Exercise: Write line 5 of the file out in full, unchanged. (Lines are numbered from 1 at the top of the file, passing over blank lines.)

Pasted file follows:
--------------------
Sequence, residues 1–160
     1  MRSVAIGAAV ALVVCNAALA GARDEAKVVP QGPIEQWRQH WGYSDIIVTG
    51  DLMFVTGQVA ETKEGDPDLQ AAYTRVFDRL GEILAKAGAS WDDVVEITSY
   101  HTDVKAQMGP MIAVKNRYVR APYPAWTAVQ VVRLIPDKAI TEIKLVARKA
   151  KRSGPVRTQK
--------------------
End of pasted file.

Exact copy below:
   151  KRSGPVRTQK